"Sure, it can be overwhelming," she says, "but putting your head in the sand only makes things worse."

Students took out $7.8 billion in private student loans in 2014-15. Find private loan options now.

3. Have a (strong) cosigner on hand.

To get a truly good rate on a private student loan, Neil Sader, managing partner of The Sader Law Firm in Kansas City, recommends finding a cosigner. But that doesn't mean just any adult willing to do you a favor. They need to have good credit.

"If you do need to consider private student loans," he says, "applying with a cosigner with strong credit can help you get approved and may help you qualify for a better interest rate, which can mean a lower total cost of the loan."

"But note," he warns, "cosigners are equally obligated to pay back the loan."

Robert Farrington, a student loan expert and founder of The College Investor, has additional advice for the cosigner: "Make sure that you get a loan with cosigner release so that your cosigner can get off the loan in the future.

Also, he warns, "many people don't like to discuss death, but it does happen. The cosigner should get insurance on the borrower for the amount of the loan in case something happens."

4. Borrow as little as you possibly can.

When it comes to loans, less is more.

Sader says that if a private loan is the only kind of loan available to you, keep this general advice in mind: "It is appropriate to borrow for tuition, books, school fees. Don't borrow living expenses. Borrowing living expenses is usually when I find people run into problems."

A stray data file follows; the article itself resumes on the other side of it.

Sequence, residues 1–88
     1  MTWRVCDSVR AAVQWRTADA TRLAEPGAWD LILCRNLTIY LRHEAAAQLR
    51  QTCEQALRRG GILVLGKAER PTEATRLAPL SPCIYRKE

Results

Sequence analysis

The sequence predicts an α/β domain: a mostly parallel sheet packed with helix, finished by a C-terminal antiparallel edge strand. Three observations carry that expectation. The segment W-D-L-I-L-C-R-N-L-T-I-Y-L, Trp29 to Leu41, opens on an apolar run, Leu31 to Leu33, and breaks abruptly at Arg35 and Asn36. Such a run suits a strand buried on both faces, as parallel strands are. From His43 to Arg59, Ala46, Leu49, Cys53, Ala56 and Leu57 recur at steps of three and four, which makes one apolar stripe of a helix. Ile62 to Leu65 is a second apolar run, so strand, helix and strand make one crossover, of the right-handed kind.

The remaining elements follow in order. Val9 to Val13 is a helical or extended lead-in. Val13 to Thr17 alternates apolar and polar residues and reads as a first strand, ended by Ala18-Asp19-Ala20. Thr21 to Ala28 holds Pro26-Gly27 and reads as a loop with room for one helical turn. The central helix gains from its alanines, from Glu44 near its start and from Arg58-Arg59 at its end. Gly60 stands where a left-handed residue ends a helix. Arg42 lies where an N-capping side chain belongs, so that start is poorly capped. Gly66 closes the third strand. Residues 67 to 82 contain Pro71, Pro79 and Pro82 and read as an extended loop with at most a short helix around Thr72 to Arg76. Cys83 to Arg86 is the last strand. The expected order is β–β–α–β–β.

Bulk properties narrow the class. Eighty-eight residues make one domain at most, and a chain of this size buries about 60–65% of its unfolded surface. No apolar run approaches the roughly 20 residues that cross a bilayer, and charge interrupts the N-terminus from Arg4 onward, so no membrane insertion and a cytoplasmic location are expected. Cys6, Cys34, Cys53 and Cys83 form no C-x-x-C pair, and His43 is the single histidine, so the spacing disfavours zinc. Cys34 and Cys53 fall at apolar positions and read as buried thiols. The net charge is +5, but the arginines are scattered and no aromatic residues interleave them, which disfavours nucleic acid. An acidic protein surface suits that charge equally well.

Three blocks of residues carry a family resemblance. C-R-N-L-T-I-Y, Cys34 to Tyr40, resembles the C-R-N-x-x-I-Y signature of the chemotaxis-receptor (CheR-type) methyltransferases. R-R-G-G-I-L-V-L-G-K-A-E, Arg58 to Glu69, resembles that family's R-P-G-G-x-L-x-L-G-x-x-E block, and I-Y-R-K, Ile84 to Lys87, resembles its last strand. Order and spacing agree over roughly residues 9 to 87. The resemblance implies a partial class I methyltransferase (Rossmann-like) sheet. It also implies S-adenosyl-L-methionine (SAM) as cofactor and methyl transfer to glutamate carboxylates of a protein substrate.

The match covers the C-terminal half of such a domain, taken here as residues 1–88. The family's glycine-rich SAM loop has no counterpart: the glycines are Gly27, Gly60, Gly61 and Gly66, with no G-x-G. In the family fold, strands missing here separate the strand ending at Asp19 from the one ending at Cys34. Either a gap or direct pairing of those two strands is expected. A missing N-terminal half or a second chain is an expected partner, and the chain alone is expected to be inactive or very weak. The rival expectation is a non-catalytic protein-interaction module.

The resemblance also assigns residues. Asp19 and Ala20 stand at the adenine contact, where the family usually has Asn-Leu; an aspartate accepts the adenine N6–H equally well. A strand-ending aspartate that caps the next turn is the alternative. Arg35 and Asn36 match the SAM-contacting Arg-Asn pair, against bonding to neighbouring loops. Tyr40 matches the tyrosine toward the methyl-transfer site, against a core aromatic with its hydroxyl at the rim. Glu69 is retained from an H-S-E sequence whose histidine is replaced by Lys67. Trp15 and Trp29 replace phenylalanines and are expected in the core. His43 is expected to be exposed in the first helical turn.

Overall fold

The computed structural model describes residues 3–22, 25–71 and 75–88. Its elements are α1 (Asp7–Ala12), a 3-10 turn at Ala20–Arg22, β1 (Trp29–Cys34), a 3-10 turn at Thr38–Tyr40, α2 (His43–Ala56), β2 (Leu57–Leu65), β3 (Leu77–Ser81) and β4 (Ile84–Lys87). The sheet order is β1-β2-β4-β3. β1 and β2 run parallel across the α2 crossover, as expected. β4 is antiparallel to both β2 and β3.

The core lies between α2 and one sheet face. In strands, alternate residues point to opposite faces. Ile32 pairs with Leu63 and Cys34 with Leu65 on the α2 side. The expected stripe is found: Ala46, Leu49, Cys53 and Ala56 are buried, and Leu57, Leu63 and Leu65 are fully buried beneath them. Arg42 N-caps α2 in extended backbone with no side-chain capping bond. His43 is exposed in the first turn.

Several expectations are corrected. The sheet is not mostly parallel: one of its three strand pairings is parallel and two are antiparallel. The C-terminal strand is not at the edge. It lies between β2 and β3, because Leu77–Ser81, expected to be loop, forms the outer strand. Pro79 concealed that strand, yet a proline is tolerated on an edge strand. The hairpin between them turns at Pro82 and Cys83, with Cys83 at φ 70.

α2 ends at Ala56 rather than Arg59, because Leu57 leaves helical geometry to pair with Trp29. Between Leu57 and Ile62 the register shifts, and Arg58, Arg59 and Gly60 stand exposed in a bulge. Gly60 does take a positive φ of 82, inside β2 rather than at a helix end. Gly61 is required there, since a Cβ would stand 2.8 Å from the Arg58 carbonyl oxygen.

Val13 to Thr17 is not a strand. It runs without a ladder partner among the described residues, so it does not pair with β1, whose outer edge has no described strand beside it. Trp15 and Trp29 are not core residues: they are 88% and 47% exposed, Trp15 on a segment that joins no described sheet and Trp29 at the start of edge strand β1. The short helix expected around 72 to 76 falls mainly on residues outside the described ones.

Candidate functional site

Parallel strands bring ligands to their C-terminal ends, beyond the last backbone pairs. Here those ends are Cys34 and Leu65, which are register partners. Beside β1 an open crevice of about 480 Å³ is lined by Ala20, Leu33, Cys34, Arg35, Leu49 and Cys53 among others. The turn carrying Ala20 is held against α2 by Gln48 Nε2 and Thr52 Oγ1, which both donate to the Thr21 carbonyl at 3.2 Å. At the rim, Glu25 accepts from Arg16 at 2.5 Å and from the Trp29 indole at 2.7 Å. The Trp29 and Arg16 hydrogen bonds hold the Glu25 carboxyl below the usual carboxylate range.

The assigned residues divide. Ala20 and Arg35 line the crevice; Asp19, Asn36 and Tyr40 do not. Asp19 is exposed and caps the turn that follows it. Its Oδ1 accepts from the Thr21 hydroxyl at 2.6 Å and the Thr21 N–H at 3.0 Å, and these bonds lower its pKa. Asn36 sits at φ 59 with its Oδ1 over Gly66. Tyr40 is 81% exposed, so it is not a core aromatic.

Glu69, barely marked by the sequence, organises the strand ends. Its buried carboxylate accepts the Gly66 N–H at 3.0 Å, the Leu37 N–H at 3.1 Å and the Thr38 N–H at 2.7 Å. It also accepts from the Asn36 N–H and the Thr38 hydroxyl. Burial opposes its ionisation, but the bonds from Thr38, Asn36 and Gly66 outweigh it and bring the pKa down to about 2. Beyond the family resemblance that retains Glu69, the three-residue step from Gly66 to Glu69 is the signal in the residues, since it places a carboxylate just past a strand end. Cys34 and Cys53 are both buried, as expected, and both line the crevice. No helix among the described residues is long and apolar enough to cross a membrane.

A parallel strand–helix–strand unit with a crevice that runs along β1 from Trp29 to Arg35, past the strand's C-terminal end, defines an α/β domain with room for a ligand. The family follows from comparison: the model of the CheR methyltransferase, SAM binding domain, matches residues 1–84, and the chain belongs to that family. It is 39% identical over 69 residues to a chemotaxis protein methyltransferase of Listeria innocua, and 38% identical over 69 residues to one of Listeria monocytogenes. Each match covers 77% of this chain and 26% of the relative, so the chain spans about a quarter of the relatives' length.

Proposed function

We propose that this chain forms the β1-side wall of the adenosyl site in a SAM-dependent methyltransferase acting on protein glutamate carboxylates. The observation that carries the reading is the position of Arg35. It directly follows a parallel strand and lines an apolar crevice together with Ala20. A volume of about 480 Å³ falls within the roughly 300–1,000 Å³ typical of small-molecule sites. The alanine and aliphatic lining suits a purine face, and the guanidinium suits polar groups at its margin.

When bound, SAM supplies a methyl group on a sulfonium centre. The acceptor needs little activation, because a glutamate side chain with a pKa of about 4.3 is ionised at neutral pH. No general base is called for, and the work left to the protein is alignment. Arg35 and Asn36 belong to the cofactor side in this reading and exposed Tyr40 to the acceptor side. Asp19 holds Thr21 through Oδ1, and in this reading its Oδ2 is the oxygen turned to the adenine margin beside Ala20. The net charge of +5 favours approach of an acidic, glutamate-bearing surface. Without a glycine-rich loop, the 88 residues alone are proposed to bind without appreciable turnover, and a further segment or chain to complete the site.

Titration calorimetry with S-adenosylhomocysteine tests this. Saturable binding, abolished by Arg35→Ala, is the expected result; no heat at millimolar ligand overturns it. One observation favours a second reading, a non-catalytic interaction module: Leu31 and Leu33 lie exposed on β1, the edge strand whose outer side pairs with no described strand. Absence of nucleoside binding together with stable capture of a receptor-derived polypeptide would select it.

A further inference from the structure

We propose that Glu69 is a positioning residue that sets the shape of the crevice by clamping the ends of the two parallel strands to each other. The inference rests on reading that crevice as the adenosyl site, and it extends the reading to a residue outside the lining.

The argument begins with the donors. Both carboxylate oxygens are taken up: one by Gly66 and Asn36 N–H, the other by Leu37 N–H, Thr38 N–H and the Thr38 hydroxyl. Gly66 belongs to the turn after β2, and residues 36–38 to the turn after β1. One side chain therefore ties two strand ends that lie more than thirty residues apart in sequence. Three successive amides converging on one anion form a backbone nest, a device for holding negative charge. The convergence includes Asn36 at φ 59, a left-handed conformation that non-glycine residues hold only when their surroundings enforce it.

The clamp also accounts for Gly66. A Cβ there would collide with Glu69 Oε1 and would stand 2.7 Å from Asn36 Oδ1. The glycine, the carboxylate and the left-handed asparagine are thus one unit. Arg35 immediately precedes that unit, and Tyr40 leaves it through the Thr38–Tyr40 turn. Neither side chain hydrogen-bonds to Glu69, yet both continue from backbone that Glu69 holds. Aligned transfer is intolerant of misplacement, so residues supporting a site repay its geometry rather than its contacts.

"You should really be considering the value of the degree you're getting," says Farrington, "what you expect to make after graduation, and can you service the loan payments and live. A small private loan might work for you to cover the gap you need to finish school, but you should be leery in funding your entire education via private loans."

"A good rule of thumb," he adds, "is never borrow more than you expect to make in your first year after graduation. If you want to be teacher, great! But you probably won't make more than $45,000 per year early in your career, so you shouldn't borrow more than that to fund your college education."

Farrington stresses: "College is an investment — and you expect to get a return in terms of salary and career after graduation. If you borrow too much, you'll have a negative ROI and you'll struggle financially after graduation for years."

5. Start making payments now, even if they're not much.

Interest accumulation on private student loans typically starts right away, while you're taking classes. That means that by the time you graduate, you'll already owe thousands more than you borrowed.

To head that off at the pass, Brian Meiggs, founder of personal finance site MyMillennialGuide, suggests paying that interest while you're still in school, if you can. "This will keep your principal balance level," he says, "and when you graduate, you will only owe what you originally borrowed."

By contributing, if not every month, then at least whenever you can, "you can help ease the burden you will inevitably feel once you are required to start paying off your student loans," he says. "Make a small sacrifice now to help yourself out in a big way in the future."